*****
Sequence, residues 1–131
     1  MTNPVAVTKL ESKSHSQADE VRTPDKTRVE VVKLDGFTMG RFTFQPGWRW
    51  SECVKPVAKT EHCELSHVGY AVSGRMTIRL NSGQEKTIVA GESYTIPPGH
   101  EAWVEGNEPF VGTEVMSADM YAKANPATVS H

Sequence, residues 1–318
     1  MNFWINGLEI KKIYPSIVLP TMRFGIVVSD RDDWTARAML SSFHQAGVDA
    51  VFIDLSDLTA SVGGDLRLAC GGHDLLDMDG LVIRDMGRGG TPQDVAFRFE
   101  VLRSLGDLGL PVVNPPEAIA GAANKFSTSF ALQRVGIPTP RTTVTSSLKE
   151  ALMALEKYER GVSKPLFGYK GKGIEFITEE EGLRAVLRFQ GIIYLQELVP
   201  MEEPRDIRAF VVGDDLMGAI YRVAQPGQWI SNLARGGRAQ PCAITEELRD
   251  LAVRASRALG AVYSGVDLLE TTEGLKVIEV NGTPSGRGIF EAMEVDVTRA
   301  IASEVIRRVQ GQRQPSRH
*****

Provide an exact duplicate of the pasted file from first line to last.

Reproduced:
Sequence, residues 1–131
     1  MTNPVAVTKL ESKSHSQADE VRTPDKTRVE VVKLDGFTMG RFTFQPGWRW
    51  SECVKPVAKT EHCELSHVGY AVSGRMTIRL NSGQEKTIVA GESYTIPPGH
   101  EAWVEGNEPF VGTEVMSADM YAKANPATVS H

Sequence, residues 1–318
     1  MNFWINGLEI KKIYPSIVLP TMRFGIVVSD RDDWTARAML SSFHQAGVDA
    51  VFIDLSDLTA SVGGDLRLAC GGHDLLDMDG LVIRDMGRGG TPQDVAFRFE
   101  VLRSLGDLGL PVVNPPEAIA GAANKFSTSF ALQRVGIPTP RTTVTSSLKE
   151  ALMALEKYER GVSKPLFGYK GKGIEFITEE EGLRAVLRFQ GIIYLQELVP
   201  MEEPRDIRAF VVGDDLMGAI YRVAQPGQWI SNLARGGRAQ PCAITEELRD
   251  LAVRASRALG AVYSGVDLLE TTEGLKVIEV NGTPSGRGIF EAMEVDVTRA
   301  IASEVIRRVQ GQRQPSRH